Transcriptional changes of Pacific oyster Crassostrea gigas reveal essential role of calcium signal pathway in response to CO2-driven acidification

Highlights

•Totally 501 and 2728 DEGs were identified in oyster after short- and long-term CO2 exposure, respectively.

•A series of calcium-binding genes were up-regulated in oyster after long-term CO2 exposure.

•The intracellular calcium concentration decreased after short-time CO2 exposure but recovered to normal levels after long-term treatment.

•The oxidative stress level increased significantly after short-time CO2 exposure but recovered to normal level after long-term treatment.

Abstract

There is increasing evidence that ocean acidification (OA) has a significant impact on marine organisms. However, the ability of most marine organisms to acclimate to OA and the underlying mechanisms are still not well understood. In the present study, whole transcriptome analysis was performed to compare the impacts of short- (7 days, named as short group) and long- (60 days, named as long group) term CO2 exposure (pH 7.50) on Pacific oyster Crassostrea gigas. The responses of C. gigas to short- and long-term CO2 exposure shared common mechanisms in metabolism, membrane-associated transportation and binding processes. Long-term CO2 exposure induced significant expression of genes involved in DNA or RNA binding, indicating the activated transcription after long-term CO2 exposure. Oysters in the short-term group underwent significant intracellular calcium variation and oxidative stress. In contrast, the intracellular calcium, ROS level in hemocytes and H2O2 in serum recovered to normal levels after long-term CO2 exposure, suggesting the compensation of physiological status and mutual interplay between calcium and oxidative level. The compensation was supported by the up-regulation of a series of calcium binding proteins (CBPs) and calmodulins (CaMs) related signal pathway. The results provided valuable information to understand the molecular mechanism underlying the responses of Pacific oyster to the acidified ocean and might have implications for predicting the possible effects of global climate changes on oyster aquaculture.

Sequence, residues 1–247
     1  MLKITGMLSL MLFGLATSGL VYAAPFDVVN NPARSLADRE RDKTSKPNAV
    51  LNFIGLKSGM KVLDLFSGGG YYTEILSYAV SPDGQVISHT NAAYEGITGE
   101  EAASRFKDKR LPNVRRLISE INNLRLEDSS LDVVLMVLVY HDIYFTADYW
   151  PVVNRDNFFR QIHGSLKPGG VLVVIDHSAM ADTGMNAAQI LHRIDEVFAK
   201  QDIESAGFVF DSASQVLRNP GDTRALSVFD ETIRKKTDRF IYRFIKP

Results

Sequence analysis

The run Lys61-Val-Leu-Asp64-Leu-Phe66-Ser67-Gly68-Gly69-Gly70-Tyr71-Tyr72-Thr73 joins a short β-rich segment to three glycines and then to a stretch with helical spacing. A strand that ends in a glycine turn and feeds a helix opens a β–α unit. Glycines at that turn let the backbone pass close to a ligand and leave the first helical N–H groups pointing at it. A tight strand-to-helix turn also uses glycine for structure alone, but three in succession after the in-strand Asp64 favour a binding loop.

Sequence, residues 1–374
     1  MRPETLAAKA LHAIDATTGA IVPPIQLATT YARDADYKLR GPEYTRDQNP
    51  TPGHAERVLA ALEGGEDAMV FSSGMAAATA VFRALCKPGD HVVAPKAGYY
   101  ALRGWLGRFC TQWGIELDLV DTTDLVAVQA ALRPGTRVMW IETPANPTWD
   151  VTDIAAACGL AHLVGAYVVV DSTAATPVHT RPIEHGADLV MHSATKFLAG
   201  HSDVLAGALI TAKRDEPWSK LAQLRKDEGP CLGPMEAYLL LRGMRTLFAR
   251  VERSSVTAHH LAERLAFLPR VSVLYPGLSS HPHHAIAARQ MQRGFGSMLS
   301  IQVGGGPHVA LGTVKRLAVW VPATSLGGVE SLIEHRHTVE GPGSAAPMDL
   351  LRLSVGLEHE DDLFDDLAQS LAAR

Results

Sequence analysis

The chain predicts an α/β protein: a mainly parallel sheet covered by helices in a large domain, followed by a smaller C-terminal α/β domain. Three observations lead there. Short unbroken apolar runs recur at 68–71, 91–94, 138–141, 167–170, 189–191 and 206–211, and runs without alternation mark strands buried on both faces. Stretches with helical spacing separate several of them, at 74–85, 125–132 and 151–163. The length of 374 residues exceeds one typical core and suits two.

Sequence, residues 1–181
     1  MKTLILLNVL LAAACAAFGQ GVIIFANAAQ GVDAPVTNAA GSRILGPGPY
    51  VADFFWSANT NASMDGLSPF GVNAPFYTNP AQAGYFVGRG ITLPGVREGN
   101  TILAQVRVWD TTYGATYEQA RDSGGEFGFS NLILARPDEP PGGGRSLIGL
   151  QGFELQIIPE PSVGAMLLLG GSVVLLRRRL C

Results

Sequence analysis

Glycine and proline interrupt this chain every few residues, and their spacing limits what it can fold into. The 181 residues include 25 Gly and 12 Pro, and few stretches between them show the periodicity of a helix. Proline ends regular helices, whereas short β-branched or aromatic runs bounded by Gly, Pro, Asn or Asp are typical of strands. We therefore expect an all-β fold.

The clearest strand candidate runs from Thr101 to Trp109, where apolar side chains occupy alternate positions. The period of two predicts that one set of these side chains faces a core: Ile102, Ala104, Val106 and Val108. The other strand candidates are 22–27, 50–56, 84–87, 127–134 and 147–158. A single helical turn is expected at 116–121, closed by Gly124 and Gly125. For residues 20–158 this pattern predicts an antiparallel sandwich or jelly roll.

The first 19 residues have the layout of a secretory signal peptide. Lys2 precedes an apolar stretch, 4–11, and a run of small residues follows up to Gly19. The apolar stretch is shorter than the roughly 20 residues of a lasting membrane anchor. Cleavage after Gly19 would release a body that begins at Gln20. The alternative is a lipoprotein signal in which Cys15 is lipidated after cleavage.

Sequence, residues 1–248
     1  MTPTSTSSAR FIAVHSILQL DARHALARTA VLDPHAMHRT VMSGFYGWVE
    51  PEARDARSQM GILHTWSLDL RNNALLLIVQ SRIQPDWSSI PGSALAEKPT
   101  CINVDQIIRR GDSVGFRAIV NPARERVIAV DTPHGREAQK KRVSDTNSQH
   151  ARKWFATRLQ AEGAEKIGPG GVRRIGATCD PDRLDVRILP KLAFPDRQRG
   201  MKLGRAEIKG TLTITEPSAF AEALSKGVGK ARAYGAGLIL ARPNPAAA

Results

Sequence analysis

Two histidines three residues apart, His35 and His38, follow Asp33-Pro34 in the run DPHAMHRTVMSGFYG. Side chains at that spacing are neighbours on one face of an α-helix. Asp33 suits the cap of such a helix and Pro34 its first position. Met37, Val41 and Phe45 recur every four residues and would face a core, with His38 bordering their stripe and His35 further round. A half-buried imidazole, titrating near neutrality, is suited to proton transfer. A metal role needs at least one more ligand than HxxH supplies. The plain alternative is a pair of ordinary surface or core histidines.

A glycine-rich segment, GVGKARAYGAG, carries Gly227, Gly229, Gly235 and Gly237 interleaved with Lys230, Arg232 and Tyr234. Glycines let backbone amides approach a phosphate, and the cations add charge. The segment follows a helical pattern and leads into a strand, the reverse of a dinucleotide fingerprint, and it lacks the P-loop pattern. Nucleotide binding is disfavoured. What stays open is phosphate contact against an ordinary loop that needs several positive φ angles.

Wang X., Wang M., Wang W., Liu Z., Xu J., Jia Z., Chen H., Qiu L., Zhao Lv Z., Wang L. & Song L., in press. Transcriptional changes of Pacific oyster Crassostrea gigas reveal essential role of calcium signal pathway in response to CO2-driven acidification. Science of The Total Environment. Article (subscription required).

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